Donald Trump’s presidency may lead to a reassessment of the “American Empire”

Written by Andrew Mumford.

In what was seen as one of the starkest inaugural addresses ever delivered by a new president, Donald Trump’s focus was predominantly a domestic one, promising to end what he labelled the ‘American carnage’ of job losses, welfare dependency, and gang violence. Yet there were a few intimations as to how he intended to conduct America’s foreign policy for the duration of his four year term. He stated that: ‘We do not seek to impose our way of life on anyone, but rather to let it shine as an example for everyone to follow.’ This implied a distinct turn in American engagement with the world, hinting at a retreat from the interventionist stance of administrations for the past few decades. The wider question that Trump’s foreign policy platform creates is what this does to depictions of American power at home and abroad.

Trident missile failure: just how safe is the UK’s nuclear deterrent?

Written by Robert J Downes.

The Sunday Times has caused a furore by reporting that a 2016 test of the UK’s submarine-borne strategic nuclear deterrent ended in failure. After the submarine HMS Vengeance returned to sea following a £350M refit, it tested a Trident-II D-5 missile off the coast of Florida. Immediately after launch, the unarmed missile reportedly veered off course and flew towards the US mainland rather than following its planned trajectory towards a sea target near West Africa.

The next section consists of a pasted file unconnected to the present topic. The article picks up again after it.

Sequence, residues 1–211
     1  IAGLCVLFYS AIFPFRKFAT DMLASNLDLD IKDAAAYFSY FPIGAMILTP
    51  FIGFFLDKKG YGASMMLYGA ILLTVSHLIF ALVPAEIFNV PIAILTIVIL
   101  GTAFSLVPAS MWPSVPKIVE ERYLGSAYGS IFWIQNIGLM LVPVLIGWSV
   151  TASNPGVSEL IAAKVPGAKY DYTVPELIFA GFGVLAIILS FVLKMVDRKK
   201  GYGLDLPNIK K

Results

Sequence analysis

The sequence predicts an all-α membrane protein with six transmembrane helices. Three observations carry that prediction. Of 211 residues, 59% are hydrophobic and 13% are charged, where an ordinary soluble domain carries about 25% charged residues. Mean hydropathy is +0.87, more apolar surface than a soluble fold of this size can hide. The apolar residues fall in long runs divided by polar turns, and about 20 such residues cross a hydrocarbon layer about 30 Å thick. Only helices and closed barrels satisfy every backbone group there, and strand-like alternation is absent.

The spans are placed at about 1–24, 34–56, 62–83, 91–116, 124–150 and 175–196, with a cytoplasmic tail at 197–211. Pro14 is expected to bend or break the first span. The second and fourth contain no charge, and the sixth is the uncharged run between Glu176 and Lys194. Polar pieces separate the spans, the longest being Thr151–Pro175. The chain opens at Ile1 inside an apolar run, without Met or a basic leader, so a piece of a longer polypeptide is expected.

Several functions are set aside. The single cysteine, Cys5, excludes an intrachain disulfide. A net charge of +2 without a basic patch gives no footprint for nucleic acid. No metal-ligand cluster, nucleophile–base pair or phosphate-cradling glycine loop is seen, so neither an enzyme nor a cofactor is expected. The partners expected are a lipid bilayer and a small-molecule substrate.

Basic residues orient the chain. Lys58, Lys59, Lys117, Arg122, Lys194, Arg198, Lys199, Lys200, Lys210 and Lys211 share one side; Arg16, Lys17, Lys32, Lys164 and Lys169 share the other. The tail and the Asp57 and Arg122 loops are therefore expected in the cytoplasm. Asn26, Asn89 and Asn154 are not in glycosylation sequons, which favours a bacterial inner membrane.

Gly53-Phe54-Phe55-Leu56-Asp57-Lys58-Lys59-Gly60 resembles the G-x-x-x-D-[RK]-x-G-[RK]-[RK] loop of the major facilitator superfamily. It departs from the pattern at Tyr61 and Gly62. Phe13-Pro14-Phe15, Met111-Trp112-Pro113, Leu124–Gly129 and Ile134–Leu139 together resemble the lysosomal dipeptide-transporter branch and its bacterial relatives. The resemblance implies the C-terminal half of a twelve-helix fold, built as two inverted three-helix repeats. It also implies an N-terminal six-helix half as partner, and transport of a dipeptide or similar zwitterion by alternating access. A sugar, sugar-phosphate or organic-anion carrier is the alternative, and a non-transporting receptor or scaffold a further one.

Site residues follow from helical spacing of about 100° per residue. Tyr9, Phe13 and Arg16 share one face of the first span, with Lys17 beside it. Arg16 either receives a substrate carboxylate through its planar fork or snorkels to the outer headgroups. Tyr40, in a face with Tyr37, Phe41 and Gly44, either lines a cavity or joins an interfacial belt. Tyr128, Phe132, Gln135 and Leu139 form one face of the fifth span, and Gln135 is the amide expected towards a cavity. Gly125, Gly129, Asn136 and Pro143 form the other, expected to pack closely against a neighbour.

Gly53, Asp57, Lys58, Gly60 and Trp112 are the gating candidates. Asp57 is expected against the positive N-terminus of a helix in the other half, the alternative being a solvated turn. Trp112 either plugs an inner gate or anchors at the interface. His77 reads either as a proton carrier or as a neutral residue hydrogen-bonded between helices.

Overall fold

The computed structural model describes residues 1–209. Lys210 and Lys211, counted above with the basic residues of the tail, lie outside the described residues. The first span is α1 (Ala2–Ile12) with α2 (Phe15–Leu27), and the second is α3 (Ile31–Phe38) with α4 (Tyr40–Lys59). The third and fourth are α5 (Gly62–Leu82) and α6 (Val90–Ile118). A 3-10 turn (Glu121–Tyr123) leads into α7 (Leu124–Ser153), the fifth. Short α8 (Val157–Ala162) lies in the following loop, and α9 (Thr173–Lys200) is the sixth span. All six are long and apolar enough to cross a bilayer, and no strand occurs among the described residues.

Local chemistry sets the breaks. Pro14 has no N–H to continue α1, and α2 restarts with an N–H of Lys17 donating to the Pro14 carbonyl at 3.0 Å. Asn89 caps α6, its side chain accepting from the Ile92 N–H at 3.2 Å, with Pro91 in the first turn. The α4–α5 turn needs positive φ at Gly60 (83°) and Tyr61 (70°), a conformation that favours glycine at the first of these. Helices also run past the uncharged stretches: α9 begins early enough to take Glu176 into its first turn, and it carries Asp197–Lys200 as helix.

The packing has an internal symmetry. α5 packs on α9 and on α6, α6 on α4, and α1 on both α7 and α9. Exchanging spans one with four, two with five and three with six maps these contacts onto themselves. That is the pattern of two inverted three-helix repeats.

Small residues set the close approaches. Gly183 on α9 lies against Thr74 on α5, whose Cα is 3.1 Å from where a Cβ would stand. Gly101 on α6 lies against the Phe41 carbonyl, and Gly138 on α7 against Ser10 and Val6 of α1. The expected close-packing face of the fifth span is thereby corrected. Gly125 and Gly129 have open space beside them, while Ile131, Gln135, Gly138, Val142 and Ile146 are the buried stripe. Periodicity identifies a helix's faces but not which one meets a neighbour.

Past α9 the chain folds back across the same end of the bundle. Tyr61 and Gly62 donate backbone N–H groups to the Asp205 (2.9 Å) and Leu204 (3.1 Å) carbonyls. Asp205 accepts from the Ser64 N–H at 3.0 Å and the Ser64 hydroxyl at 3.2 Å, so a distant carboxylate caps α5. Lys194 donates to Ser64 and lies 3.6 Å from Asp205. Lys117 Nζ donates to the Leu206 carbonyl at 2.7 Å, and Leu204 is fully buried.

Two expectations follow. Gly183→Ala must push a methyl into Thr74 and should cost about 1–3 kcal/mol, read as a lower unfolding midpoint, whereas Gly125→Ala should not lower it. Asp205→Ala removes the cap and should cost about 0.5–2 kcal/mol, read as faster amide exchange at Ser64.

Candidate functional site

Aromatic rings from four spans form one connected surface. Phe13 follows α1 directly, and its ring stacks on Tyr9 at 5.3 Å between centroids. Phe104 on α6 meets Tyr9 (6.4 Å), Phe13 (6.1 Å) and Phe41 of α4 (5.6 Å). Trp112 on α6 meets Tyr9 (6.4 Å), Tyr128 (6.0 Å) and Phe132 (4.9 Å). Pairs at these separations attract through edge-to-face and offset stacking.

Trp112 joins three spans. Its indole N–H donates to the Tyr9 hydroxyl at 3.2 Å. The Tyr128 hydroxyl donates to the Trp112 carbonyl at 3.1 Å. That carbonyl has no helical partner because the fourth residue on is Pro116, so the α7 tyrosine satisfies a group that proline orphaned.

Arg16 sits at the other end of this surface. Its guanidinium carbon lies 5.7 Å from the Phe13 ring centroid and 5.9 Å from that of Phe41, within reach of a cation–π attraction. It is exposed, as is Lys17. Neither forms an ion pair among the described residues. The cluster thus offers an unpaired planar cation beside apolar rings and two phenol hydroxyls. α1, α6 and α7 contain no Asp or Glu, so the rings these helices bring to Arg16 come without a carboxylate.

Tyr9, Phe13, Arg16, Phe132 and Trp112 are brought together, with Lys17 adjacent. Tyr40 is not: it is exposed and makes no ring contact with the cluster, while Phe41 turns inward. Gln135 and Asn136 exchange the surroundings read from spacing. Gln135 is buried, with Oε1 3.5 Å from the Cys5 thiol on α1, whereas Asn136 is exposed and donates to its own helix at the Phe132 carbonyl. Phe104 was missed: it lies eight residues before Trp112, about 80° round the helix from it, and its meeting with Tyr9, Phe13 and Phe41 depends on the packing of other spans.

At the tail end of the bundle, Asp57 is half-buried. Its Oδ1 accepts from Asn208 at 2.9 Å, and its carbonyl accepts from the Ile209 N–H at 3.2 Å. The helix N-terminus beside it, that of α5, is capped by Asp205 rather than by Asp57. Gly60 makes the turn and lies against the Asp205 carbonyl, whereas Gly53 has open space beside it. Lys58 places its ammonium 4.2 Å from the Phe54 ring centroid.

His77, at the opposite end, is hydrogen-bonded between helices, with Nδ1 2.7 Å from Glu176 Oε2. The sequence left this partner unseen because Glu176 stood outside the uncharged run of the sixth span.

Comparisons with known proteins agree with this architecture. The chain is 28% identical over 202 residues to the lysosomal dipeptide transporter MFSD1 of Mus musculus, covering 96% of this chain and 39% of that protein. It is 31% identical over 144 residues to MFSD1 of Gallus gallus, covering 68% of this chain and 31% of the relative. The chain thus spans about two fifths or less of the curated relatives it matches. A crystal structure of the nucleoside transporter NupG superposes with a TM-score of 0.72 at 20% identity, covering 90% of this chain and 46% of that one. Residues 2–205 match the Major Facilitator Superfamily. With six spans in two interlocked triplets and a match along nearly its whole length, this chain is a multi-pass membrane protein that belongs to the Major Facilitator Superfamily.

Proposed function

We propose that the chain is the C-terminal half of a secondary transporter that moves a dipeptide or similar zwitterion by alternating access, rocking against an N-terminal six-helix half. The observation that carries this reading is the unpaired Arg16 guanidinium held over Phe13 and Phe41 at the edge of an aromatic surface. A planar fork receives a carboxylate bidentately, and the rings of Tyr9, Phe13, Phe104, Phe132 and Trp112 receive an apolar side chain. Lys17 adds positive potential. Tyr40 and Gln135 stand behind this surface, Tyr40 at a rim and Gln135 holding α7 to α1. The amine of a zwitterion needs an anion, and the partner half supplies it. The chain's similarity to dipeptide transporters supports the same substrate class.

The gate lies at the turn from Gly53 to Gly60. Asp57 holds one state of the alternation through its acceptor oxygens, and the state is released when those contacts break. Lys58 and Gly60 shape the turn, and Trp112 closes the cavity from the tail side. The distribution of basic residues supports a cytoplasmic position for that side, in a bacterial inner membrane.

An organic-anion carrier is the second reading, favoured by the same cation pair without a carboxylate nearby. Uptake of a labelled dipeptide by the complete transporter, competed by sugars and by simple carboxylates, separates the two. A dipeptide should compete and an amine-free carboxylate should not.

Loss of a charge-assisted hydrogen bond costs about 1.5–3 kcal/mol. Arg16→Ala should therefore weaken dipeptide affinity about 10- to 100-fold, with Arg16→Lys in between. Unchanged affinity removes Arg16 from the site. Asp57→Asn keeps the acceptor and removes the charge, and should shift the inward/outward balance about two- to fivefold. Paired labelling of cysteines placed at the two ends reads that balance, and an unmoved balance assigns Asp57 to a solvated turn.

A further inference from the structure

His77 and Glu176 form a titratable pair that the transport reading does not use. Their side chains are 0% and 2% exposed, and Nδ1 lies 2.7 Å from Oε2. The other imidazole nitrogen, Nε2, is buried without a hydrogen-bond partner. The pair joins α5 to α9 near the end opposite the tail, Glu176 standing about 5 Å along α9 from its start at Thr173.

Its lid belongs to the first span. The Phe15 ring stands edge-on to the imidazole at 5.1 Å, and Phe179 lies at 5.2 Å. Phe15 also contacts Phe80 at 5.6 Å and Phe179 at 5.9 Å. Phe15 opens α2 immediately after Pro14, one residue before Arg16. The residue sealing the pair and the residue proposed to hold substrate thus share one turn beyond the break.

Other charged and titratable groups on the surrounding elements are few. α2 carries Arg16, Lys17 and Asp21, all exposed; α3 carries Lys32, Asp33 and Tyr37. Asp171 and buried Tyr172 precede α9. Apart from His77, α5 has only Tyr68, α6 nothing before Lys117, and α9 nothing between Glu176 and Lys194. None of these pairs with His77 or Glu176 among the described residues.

Details of the technical aspects of the failure have not been released for reasons of national security, and aren’t likely to be. But the political fallout has already begun.

Yemen: a calamity at the end of the Arabian peninsula

Written by Vincent Durac.

At the tip of the Arabian peninsula, Yemen’s disastrous war has been raging for nearly two years. Somewhat overshadowed by the devastating crisis in Syria, it is nonetheless a major calamity: according to the UN, more than 10,000 people have lost their lives, while more than 20m (of a total population of some 27m) are in need of humanitarian assistance. More than 3m people are internally displaced, while hundreds of thousands have fled the country altogether. There are reports of looming famine as the conflict destroys food production in the country.

So how did Yemen get here – and what are the prospects for turning things around?

Erdoğan could be losing his grip on a dangerous, divided Turkey

Written by Alpaslan Ozerdem and Bahar Baser.

Turkey’s New Year was marred by a terrorist attack, claimed by the so-called Islamic State (IS), that killed 39 people and injured many more at a famous nightclub in Istanbul. After nearly two years of deadly incidents and alarming political instability, Turks were once again left counting the dead – and wondering how much more their country can take.